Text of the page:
You can go one step further with a laptop alarm. A variety of alarms are available; some will sound when anything is unplugged from your computer, some detect any movement of the laptop, and some are triggered if the computer is removed from a designated perimeter. Regardless of the trigger, all will sound an ear-splitting 110 decibel alarm if anyone attempts to steal your computer, drawing instant attention and (hopefully) scaring them off.

Finally, you should apply conspicuous, indelible ID labels to your laptop and any removable components. Visible labels let potential thieves know you have taken steps to protect your property. The best labels leave indelible tattoos if the thief tries to remove them. This very simple form of theft deterrent can also help you to recover your laptop if it does get stolen.

Data Protection - Laptop Security Tips

Because the data on your laptop is probably more valuable to you than the hardware itself, make sure you have taken precautions to protect it, as well.

Start with a good password. Don't choose something obvious (like your name, or "password"). Make your password at least 8 characters long, and include a combination of upper case, lower case, numbers and symbols. A complicated password is harder to break, but it's also harder to remember. Be sure not to store your password anywhere on the computer or in your laptop case.

However, you can't count simply on your Windows password: savvy thieves can get around this pretty easily. Regularly back up your hard drive, to be sure you still have a copy of recent work should anything happen to your laptop. To prevent information falling into the wrong hands, store minimal data on the laptop itself. Use an external hard drive or remove the internal hard drive when not in use, and keep it separate from the laptop.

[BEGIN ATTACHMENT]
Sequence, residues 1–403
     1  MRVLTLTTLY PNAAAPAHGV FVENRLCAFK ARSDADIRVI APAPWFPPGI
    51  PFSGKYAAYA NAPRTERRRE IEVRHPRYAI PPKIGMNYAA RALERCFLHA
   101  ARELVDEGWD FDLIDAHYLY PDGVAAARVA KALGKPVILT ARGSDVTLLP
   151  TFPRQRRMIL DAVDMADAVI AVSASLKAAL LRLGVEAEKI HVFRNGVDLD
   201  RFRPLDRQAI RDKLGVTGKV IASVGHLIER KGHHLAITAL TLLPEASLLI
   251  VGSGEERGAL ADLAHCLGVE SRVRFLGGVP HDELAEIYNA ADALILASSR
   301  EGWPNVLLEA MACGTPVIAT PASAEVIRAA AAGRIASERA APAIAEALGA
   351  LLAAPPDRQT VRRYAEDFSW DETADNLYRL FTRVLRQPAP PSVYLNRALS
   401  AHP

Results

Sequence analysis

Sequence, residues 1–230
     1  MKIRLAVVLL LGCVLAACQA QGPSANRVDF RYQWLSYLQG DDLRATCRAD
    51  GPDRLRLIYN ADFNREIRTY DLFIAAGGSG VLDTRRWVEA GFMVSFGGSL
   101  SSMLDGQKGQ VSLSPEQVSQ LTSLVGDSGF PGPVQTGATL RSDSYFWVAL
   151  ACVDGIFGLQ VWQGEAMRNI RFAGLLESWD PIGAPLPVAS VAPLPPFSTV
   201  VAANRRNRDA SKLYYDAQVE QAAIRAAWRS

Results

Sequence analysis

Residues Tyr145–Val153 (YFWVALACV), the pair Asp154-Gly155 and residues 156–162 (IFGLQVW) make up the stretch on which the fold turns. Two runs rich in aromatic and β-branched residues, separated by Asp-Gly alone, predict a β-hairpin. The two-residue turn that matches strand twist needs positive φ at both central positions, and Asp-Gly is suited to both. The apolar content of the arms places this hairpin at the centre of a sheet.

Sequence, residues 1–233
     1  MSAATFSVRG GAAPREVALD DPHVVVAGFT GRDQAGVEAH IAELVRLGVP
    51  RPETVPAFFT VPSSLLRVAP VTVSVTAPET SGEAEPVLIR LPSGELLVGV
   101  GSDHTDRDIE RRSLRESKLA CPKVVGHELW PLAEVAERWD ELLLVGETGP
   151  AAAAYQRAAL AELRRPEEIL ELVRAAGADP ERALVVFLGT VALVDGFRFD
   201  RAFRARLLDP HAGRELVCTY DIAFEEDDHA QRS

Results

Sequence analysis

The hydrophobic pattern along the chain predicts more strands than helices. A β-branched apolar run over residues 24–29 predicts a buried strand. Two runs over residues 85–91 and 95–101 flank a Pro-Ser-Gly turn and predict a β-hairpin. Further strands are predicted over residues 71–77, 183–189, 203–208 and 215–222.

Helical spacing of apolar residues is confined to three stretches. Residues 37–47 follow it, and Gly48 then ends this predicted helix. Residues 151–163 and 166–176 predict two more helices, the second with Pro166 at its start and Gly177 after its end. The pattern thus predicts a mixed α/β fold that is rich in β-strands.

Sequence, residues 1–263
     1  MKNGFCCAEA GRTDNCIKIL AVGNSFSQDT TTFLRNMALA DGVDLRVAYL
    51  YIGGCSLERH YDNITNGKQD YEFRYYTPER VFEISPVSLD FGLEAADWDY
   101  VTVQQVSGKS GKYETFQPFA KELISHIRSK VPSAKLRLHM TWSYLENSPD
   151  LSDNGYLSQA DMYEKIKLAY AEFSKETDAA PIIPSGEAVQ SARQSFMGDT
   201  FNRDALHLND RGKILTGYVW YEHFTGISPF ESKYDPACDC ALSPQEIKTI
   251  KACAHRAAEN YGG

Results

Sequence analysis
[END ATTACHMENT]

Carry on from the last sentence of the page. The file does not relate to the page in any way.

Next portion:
You can further protect sensitive information by encrypting part or all of your hard drive. This is easily done with Windows XP, Windows Vista and Windows 7, and there are separate software packages you can buy to do an even better job. This will protect your files even if the hard drive is removed and run on another system.

Recovering a Stolen Laptop - Laptop Security Tips

There are even software applications you can invest in to help with the retrieval of your laptop in the event that it is stolen. Tracking software, for example, sends a signal to a tracking company every time the computer connects to the Internet. If the thief uses your computer to access the Internet, his location can be narrowed down by tracking the IP address and access point used.

Remote access applications allow you to control your laptop remotely while the thief is online. You can retrieve data, delete or encrypt confidential files, run programs or even have your webcam snap and upload photos of the thief. Some services will do all of this for you automatically as soon as you report your laptop stolen.

Whether or not you have this type of security software, make sure you record your laptop's serial number in a safe place to use in police reports and insurance claims. Report the theft right away to the police, and to your employer if it was a company-issued computer. Let your employee know of any confidential company or client information that was lost. Finally, consult the FTC about steps to take to protect yourself from identity theft.